- Consider using accountability software. Over the years of working with students I have tried multiple ones. I like x3watch the best: http://www.x3watch.com/ Again there are many others out there that are also really good. I like this one because it offers mobile versions for android and apple devices. If you need to use a free one try the k9 browser: http://www1.k9webprotection.com/ It also comes on mobile devices.
- Concerning pornography addictions, I want to address the parents. As a pastor, especially one that has worked with students from middle school to college, this is a struggle I have helped many people with. You need to know this is a real thing. I have worked with young men for whom pornography was just as addictive as an illegal drug. If you or one of your children is addicted, get help! Here is what I take people through with any addiction.
- Break the silence. Don’t keep the problem to yourself, share with someone you trust.
- Remove the source, no matter how inconvenient. I had one young man who had to have Internet access for work. He gave his wife the password to the computer and only used it in a public room until the addiction was broken. Highly inconvenient, but not more important than his heart and his marriage! This includes smart phones too! Get one of those old cell phones without Internet for a while. Yes, they still make those.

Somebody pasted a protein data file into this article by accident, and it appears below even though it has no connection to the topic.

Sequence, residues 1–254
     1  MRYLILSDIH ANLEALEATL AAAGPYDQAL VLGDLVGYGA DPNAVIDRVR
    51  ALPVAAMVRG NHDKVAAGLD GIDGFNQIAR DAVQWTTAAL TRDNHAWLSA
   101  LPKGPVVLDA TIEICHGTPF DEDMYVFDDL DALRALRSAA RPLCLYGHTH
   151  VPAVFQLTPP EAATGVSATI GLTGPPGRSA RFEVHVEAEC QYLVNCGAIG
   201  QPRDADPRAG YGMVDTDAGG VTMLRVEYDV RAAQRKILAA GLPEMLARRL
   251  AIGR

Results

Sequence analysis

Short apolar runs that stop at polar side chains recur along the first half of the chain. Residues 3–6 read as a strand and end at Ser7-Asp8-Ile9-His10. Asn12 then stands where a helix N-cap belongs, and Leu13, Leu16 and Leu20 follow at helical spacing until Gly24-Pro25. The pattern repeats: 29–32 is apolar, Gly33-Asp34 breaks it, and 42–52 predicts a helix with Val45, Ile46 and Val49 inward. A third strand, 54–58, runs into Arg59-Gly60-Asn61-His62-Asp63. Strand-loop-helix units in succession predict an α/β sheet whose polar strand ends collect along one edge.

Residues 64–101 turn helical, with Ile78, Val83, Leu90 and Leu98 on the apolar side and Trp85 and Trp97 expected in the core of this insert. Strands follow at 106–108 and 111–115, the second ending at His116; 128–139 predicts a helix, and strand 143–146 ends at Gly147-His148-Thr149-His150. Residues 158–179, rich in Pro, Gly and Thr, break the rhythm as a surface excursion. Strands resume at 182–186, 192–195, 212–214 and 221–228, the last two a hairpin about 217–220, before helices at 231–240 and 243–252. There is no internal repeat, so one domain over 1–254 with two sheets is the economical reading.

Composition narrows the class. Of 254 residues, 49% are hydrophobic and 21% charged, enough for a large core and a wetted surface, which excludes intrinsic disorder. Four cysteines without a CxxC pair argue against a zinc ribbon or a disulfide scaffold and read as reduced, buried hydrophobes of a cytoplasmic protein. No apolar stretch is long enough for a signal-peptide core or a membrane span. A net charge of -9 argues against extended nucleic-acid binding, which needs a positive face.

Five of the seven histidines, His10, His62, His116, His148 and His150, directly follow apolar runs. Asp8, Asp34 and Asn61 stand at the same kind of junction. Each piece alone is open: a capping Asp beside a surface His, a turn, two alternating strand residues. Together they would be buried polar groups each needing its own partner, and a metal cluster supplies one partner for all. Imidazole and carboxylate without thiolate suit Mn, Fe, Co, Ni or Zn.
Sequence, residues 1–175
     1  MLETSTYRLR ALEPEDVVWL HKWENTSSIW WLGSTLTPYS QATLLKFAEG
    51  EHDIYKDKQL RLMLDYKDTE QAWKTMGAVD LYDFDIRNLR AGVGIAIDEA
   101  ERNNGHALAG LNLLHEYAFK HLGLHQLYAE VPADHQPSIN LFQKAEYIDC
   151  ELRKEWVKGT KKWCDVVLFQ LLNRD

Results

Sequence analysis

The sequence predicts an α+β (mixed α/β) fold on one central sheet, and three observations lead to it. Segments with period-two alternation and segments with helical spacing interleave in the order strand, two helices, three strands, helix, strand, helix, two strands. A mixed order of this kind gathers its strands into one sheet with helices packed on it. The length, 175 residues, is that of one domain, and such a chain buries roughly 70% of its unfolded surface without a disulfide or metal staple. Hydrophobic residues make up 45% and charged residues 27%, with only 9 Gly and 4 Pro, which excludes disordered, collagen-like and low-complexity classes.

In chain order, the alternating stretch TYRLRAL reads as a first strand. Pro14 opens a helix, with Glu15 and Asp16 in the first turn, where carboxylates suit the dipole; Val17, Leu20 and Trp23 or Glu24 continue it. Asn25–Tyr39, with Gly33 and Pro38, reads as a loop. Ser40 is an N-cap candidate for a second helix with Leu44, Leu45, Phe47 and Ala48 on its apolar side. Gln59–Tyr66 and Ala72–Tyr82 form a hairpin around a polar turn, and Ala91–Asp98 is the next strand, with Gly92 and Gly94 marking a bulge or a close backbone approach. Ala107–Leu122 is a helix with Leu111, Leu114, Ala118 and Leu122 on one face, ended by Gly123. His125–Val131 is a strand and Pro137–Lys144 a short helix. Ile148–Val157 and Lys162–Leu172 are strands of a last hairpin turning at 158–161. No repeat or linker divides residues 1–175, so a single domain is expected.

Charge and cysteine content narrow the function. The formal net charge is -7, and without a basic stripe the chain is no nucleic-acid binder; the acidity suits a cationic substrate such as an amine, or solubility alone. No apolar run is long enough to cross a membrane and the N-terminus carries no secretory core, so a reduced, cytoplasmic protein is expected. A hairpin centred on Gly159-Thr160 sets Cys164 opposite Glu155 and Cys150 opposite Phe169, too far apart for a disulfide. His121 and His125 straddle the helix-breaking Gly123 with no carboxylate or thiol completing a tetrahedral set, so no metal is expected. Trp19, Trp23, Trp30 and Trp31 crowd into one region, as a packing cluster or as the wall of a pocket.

- Find an accountability partner, someone you can be totally transparent with and will pray for you every day, someone you could call in the middle of the night if you’re struggling. Start by meeting weekly, possibly over a breakfast or coffee, and have them ask you directly, “Did you involve yourself with your addiction this week?” Make sure to spend time in prayer before you leave the meeting.
- Consider going through an addictions program. Here is one we have used: http://www.x3watch.com/x3pure.html Yes, you need a computer to do this! Just be smart. Choose a safe place where you won’t be tempted. Let your accountability partner know when you start a session and when you finish.
- When the addiction begins to break and you and your accountability partner feel its safe to release the digital reigns a bit, use the accountability software mentioned above.
- Keep meeting with your accountability partner! Everyone needs a lifelong friend like this. *
This is just the beginning. We stand on the threshold of a new era of humanity, the Digital Age. The gateway of knowledge has been opened and we must learn to use this power and not be destroyed by it. It is a gift, a powerful gift, and it is our responsibility to bring up a generation that will use it wisely. Allow God to transform your computer into a conduit of His mercy and grace!
*If you are hung up on any of these steps please contact us. Or if you just can’t seem to break free, please consider professional counseling. We can also help you find a counselor.